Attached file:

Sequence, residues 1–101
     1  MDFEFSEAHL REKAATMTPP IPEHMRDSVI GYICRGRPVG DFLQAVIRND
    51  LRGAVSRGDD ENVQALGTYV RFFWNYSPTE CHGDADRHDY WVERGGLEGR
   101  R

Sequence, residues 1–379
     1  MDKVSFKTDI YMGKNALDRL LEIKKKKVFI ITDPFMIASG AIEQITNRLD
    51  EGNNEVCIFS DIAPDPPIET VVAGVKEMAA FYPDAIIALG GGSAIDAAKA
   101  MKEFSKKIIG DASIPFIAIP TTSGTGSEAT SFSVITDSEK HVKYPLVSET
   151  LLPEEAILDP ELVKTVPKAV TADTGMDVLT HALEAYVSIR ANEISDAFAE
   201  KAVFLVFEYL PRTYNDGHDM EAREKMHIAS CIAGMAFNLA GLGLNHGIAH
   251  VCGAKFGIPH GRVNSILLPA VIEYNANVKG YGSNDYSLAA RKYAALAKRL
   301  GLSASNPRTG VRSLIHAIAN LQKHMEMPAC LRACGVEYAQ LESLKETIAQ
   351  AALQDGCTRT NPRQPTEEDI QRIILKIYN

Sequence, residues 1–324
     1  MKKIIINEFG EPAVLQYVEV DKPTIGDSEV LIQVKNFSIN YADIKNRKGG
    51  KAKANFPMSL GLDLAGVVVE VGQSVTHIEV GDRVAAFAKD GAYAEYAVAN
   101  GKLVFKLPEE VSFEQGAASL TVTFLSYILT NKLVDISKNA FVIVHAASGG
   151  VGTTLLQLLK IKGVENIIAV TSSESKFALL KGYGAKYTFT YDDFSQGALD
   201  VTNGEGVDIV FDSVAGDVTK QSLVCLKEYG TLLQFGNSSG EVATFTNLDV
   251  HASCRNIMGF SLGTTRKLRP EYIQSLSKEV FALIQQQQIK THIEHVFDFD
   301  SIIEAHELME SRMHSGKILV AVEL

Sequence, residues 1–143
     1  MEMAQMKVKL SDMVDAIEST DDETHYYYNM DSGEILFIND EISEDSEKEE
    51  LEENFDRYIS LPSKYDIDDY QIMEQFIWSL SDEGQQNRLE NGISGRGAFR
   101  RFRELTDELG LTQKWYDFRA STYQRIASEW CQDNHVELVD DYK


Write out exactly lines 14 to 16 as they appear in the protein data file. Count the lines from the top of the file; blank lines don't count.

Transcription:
Sequence, residues 1–324
     1  MKKIIINEFG EPAVLQYVEV DKPTIGDSEV LIQVKNFSIN YADIKNRKGG
    51  KAKANFPMSL GLDLAGVVVE VGQSVTHIEV GDRVAAFAKD GAYAEYAVAN